1. Writing out your story: A Colorado custody case is not just as simplistic as "I'm a good mom" or "I'm a good dad." Each case has a potential history to it. There may be things that were said or done related to the child, with the child, or with other people that may matter. The littlest whiff of information may have a bearing on the outcome of a case. Perhaps I am being a little melodramatic, but some fact from two or three years back can be pivotal. I see it. As such, I will often ask my clients to write me out their "story" or a chronology of the good, the bad, and the ugly related to the raising of their child. This chronology should include statements or actions of the other party, important events in the child's life, areas of concern, etc. I will generally ask people to go back three to four years. I don't need to know about Timmy's, who is 12 years old, potty training at age 4. I do need to know about his dad yelling at him and calling him mean names for getting a C on his spelling test at age 10. By putting past memories related to the child on paper, particularly in chronological fashion, a client is forced to organize, conceptualize, and contextualize his or her thoughts. This can assist the client with getting ready to testify in court or discussing the case with a child and family investigator or parental responsibilites evaluator. Additionally, it provides me with a written summary of facts I may need to be aware of or may use to the client's advantage. On a financial note, I often say, "I can read in 20 minutes what would take us 2 hours to talk about." Though I would love to talk to my client for 2 hours, I would rather save him or her money and receive the information straight from the source, with the ability to go back to it for reference as needed.

2. Keeping a journal: As indicated above, the past history regarding a child is important. Recent or current history matters as well. Custody cases can take as much as a year, depending on the county. A lot can happen during that time period. It is important to have clients keep a journal of things that occur while the case is pending. This should include behaviors or things said by the other party, as well as the child. A journal might be admissible in court. It might be shared with a custody expert. If nothing more, it is a way to record newer occurences which I, the attorney, might find relevant. I always instruct clients to make sure they keep the journal secured, such that neither the other party, nor the child, can get to it. The time period in which a Denver divorce or custody case is pending can be emotionally charged. This may be a good time to record events related to your ex behaving badly purely out of the motion that comes with this type of litigation. As with the chronology, the keeping of a journal may also help save money on attorney fees.

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June 2, 2012

THE RIGHT TIME TO FILE YOUR COLORADO DIVORCE: ANSWERS (ROUND 1)

At the end of April, I posted an article regarding the timing of filing your Colorado divorce case. Though I had strived to start answering questions sooner, May slipped away from me, with my children's school ending, vacations, and the busy pace that comes with being a Denver divorce attorney.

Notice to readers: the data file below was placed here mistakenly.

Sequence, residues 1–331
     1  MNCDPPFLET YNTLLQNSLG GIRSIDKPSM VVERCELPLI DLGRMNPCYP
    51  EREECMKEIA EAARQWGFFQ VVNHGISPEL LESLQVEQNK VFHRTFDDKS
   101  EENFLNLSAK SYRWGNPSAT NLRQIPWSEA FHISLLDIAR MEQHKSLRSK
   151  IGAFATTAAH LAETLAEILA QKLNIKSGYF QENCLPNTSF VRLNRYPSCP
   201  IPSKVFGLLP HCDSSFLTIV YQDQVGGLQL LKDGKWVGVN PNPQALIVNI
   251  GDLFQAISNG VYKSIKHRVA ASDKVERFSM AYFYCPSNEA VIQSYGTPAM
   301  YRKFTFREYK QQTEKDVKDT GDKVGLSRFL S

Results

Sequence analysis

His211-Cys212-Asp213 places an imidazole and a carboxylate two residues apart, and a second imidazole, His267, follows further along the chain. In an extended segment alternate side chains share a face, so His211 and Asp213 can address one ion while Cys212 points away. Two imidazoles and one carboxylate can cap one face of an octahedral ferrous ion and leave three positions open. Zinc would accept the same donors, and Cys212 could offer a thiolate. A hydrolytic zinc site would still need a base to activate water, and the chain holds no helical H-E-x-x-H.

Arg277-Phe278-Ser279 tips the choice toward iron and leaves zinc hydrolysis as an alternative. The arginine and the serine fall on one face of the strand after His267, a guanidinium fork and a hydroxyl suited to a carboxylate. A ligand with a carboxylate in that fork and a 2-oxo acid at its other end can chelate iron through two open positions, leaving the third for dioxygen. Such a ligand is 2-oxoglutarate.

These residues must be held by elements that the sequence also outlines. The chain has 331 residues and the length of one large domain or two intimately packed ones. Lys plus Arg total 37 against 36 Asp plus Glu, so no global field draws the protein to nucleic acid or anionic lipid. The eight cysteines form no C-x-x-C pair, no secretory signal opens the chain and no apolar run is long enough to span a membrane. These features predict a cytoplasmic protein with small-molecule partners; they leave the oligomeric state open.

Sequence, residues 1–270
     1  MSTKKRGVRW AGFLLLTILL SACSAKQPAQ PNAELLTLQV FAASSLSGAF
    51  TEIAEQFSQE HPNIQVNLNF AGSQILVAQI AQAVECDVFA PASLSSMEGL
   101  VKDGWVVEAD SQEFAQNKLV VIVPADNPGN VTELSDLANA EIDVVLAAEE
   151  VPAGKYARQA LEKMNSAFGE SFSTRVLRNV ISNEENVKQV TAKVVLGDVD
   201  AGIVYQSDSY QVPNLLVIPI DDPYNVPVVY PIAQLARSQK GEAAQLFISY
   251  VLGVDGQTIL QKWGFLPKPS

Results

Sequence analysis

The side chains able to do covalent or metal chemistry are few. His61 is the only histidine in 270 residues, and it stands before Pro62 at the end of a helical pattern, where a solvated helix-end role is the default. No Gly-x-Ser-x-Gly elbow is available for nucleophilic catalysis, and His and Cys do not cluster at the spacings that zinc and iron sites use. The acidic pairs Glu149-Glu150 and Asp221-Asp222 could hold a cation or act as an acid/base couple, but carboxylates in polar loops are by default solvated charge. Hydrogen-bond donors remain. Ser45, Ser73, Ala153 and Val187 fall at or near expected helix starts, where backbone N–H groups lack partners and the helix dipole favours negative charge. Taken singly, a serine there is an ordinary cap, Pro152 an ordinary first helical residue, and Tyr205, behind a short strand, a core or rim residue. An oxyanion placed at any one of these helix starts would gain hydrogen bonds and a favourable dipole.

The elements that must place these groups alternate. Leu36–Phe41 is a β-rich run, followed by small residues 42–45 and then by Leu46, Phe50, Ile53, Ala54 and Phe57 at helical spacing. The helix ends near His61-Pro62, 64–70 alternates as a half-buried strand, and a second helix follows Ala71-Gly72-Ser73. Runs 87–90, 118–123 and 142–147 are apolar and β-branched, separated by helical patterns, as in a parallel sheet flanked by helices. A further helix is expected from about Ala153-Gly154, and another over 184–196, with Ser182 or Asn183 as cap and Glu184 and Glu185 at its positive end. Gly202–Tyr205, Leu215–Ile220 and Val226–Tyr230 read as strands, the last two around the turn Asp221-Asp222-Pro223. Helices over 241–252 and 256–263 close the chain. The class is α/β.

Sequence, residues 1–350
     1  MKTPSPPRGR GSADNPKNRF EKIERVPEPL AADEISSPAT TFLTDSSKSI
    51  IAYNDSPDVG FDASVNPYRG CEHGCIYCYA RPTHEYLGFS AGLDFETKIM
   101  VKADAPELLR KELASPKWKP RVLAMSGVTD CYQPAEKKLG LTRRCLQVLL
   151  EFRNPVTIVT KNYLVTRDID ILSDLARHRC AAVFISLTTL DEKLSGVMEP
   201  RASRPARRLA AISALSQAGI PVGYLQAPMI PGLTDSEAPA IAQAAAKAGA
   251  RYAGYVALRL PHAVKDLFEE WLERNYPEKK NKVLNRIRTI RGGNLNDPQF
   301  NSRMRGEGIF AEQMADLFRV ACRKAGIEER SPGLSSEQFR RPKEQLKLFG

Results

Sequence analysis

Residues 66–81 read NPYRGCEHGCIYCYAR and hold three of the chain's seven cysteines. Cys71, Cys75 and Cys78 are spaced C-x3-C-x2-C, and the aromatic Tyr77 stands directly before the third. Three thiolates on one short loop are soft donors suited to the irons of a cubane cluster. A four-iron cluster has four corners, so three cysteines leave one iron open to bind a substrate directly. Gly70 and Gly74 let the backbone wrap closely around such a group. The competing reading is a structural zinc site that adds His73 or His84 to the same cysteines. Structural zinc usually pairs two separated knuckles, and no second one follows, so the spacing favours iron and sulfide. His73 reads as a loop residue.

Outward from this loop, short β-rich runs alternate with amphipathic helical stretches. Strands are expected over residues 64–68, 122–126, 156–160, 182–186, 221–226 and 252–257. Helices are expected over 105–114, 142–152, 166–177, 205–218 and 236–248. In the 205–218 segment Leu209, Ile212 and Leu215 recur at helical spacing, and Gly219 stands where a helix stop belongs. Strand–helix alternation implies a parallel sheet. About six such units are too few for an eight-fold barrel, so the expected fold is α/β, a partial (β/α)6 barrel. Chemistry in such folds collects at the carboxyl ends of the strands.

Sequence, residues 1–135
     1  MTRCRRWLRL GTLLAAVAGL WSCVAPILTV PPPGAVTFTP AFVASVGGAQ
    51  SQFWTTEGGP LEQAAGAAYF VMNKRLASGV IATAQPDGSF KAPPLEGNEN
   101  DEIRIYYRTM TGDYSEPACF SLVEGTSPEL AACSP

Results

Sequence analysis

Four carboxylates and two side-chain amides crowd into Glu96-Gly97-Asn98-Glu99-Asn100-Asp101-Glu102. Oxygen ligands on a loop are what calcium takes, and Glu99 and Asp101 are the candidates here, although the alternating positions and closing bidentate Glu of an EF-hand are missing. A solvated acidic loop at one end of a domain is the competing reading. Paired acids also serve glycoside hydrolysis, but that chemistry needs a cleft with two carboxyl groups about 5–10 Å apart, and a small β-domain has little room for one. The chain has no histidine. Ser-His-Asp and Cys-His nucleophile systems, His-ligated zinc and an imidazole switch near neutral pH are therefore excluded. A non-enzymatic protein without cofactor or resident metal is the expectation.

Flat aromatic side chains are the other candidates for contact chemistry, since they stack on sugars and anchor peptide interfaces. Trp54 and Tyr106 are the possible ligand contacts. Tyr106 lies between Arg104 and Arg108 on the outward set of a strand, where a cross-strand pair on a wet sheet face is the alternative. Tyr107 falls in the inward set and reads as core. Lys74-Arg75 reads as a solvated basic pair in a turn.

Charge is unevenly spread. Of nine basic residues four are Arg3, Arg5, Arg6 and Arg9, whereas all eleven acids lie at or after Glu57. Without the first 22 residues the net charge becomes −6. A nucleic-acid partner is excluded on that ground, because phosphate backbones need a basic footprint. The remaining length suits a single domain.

As we move into June, I am now refreshed, focused, and back in the literary saddle, ready to continue informing my readers as to all aspects of Colorado custody, divorce, and child support law. Below are what I will call "Round 1" of the answers and explanations related to the questions posed in my last posting.

As each divorce and custody lawyer in Denver has his or her own opinion, my answers and explanations are subjective in nature. Furthermore, there is no "right" or "wrong" answer and there are many differing factual variables which, in a real life divorce setting, could change the answer or explanation set forth below.

1. My husband is the primary bread winner and just lost his job. WAIT.

I answered this question with "wait" based on concerns regarding income and the assessment of alimony (maintenance) and child support. Contested Denver area divorce cases can take anywhere between 4 months and 2 years, depending on which county your case is in. That certainly would give the husband in this scenario plenty of time to find a job. C.R.S. 14-10-115, and case law interpreting such, indicates that you look to a person's employment or income potential. At the same time, the court is not going to automatically use the husband's prior income for purposes of assessing child support or alimony. The wife needs to wait a while to see what shakes out with the job search. At a "temporary orders" hearing, the court is going to look at the current financial status quo when assessing financial orders to govern while the case is pending. Likewise, if husband is still unemployed at the final or "permanent orders" hearing, this will likley affect the outcome on the issue of alimony, including potentially a claim for such against wife if she works and huband does not. A little patience is needed in this scenario, as no job for your soon to be ex spouse can either leave you receiving less, or even potentially paying more.


2. I am the primary bread winner and got laid off a couple of months ago. My husband works. FILE